Learning the (investment) lessons from history

Learning the (investment) lessons of history

“History, is just one damned thing after another” said one sceptic. For investors, it’s something else altogether. Studying history is a great way to learn to be a successful investor – and so improve your lifestyle.

Investment experts will remind you that past performance is no guarantee of future performance – and they’re right. But the past does have lessons to teach. Looking back at the last 50 years of the Australian share market history, many important lessons can be learned.

Lesson: ‘Chaos isn’t the pit, chaos is the ladder’*

Over the past five decades the world has seen its share of chaos – wars, terrorism, economic crises, world-changing innovations and epochal elections.

However, it’s important to look beyond the emotions surrounding such events – crises like the 1987 crash or September 11, or bonanzas like the 90s dot-com revolution and the resources boom of earlier this decade.

People become irrationally negative just as they become irrationally euphoric. If you take a long-term view when others are panicking, you can buy a business which is selling for well below its fundamental value.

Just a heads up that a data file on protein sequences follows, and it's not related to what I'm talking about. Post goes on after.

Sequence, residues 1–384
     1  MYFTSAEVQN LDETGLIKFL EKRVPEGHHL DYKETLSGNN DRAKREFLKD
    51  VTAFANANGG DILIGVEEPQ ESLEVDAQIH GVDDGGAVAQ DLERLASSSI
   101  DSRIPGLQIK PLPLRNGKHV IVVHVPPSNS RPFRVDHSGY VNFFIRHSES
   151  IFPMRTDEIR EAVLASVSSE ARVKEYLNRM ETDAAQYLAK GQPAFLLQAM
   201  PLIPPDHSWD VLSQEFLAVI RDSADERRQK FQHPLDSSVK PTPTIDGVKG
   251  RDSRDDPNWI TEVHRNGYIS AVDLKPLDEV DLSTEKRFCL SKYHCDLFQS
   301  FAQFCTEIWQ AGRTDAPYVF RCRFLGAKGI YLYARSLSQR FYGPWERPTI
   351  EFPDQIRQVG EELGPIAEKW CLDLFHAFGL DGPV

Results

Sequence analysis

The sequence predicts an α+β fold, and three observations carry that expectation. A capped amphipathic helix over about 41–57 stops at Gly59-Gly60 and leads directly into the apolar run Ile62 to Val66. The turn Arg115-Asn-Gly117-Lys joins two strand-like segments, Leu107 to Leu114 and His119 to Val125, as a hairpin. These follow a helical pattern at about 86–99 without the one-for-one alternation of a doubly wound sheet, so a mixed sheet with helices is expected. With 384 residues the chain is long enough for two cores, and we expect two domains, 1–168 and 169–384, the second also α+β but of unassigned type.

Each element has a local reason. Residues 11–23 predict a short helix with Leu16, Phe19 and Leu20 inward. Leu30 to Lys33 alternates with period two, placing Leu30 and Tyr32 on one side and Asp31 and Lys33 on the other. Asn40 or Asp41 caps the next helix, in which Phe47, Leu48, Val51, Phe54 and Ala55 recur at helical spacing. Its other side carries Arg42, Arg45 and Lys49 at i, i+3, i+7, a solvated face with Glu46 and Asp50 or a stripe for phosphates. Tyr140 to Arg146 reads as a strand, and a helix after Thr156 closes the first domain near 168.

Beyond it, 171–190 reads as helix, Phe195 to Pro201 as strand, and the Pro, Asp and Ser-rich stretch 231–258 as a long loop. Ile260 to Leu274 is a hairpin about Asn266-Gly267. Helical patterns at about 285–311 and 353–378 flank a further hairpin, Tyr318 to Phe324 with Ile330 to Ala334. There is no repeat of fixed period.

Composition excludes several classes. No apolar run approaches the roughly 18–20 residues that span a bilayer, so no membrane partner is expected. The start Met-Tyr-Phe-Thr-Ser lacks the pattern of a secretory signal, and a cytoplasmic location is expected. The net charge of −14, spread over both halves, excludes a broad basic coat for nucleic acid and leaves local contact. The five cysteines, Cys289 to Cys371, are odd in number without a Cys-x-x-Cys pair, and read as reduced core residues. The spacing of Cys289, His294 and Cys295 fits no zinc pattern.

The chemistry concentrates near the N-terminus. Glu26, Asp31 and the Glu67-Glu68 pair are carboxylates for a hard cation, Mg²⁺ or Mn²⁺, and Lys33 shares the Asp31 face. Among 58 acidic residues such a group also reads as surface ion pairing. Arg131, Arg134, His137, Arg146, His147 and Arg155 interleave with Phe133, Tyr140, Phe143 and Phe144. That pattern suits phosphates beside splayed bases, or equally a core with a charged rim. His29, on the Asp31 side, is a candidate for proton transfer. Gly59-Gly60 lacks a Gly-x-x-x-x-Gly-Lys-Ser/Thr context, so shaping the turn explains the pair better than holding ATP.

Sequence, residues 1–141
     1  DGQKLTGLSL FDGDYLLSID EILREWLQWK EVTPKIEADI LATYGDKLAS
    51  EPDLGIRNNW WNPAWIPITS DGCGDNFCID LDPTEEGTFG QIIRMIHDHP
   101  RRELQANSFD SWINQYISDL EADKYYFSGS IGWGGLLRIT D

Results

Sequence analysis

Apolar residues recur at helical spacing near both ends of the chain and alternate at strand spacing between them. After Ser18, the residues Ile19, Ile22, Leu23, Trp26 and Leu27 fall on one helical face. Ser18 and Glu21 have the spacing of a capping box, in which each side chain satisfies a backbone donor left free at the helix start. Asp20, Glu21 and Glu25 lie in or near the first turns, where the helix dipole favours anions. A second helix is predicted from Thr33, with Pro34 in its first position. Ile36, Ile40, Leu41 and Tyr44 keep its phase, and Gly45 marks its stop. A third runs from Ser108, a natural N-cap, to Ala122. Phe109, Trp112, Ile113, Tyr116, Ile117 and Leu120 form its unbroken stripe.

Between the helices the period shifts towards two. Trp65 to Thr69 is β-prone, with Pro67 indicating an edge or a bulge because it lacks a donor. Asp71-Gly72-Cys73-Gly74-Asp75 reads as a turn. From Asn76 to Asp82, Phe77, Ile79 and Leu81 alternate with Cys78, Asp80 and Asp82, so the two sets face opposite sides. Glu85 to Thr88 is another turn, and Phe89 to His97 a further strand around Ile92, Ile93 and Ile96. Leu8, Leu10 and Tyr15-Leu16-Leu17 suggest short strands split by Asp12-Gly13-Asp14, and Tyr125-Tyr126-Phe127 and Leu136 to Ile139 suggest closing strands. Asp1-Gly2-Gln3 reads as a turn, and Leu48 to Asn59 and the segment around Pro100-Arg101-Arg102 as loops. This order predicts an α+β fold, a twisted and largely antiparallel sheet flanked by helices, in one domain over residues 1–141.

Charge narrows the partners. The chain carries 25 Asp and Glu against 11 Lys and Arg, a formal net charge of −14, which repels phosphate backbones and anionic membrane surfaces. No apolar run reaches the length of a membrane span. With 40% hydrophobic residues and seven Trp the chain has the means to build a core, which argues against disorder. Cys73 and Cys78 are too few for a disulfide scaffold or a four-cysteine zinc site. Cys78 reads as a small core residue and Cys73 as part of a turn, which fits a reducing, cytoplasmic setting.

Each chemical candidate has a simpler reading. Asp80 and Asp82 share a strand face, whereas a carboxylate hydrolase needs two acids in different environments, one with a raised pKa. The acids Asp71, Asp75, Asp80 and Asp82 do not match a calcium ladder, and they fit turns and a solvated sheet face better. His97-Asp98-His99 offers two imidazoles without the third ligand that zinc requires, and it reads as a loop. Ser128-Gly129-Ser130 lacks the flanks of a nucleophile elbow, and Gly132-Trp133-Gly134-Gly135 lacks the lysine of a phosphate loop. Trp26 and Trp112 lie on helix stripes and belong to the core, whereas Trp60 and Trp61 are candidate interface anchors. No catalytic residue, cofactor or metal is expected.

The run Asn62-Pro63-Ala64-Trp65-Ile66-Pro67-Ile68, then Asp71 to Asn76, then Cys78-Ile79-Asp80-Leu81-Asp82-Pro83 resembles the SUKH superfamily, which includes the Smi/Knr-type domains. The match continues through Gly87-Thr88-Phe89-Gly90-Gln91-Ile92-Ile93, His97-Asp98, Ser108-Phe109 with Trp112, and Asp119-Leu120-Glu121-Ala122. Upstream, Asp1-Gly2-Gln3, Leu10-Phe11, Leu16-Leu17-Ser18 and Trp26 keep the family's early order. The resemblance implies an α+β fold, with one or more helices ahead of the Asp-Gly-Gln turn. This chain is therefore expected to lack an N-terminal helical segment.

*Game of Thrones

Lesson:Bank on the balance sheet, not the banks

The balance sheet is the thing that stands between you and disaster. When times are good, markets throw caution to the wind and chase companies that have a lot of debt and so a lot of risk. You’re better off future proofing your portfolio by buying companies with a good balance sheet.

You want to be holding businesses that have cash on their books and aren’t dependent on the banks when things turn ugly. Banks are great at lending you an umbrella when it’s dry. As soon as it starts raining they want it back again.

Lesson: Be born in Australia

Warren Buffett famously said two of the big reasons for his success were compound returns and being born in the US. You can make the same argument for Australia.

Australia has been a great place to buy shares. Credit Suisse’s Global Investment Yearbook tracks share market performance as far back as 1900. According to their research, Australia has been the world’s second best source of real share market returns – generating an average, after-inflation return of 6.7 per cent a year over 116 years.

Source: Perpetual Investment Management Limited

Date posted: 2017-01-31 | posted by: condell

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